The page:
“There’s emotional abuse too,” Jordan said, but he was immensely relieved to hear that. No matter how many times Aiden had said that his sheikh hadn’t sexually abused him, Jordan had had his doubts.
“There is,” she said. “But… I saw them together briefly, Jordan. Before your dad and the bodyguards separated them, Rahim was holding Aiden.” She pursed her lips. “At the time, it looked like a violent embrace because Aiden was crying, but looking back, I think we might have misinterpreted it. I’m pretty sure Aiden was clinging to that man and Rahim might have been kissing his face.”
Jordan frowned. “You think they were in love?”
She shook her head with a sigh. “I’m not sure what to think anymore. All I know is that my son is unhappy. It’s been ten months since we got him back and seven months since he last saw that man, but Aiden is still deeply unhappy, no matter how brightly he smiles.”
“What do you suggest we do?”
“I don’t know, Jordan.” She met his eyes again, her expression grim. “Talk to him? Maybe he’ll open up to you. He’s always looked up to you.”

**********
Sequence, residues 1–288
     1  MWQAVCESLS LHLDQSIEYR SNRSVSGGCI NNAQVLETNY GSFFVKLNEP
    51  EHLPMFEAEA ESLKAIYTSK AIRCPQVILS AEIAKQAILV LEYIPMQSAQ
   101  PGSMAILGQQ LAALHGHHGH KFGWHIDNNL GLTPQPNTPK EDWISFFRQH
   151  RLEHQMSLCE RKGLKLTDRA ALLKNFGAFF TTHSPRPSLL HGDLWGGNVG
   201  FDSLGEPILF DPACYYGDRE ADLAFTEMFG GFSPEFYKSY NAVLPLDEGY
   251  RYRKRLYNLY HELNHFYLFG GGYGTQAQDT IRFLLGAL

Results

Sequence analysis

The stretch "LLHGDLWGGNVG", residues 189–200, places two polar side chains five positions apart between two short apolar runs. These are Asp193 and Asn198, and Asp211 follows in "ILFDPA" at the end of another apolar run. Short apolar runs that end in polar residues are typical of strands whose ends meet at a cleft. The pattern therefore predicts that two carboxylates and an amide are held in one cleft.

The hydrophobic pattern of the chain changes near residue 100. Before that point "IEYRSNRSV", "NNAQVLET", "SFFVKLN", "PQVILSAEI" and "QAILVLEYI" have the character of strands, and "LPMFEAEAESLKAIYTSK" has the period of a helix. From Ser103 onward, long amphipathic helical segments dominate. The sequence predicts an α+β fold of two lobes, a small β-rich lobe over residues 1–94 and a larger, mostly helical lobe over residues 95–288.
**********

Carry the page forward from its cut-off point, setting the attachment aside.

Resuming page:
“Okay.” Kissing his mother on the cheek, Jordan went looking for his brother.
He found him outside the house, sitting on the garden swing.
Jordan sat down beside him, shivering a little and crossing his arms. “Damn, I think I got too used to the Italian climate.”
A faint smile touched Aiden’s lips. “Yeah,” he said, looking at the brightly illuminated house with a distant, unseeing gaze.
A shiver ran up Jordan’s spine that had nothing to do with the chill. There was something off about Aiden. Physically, he looked great, but now Jordan understood what his mother meant: he could sense Aiden’s unhappiness like a physical thing. Aiden wasn’t outright moping—he was even smiling—but that unhappiness seemed to cling to him like a second skin, his eyes dull and lacking their normal liveliness.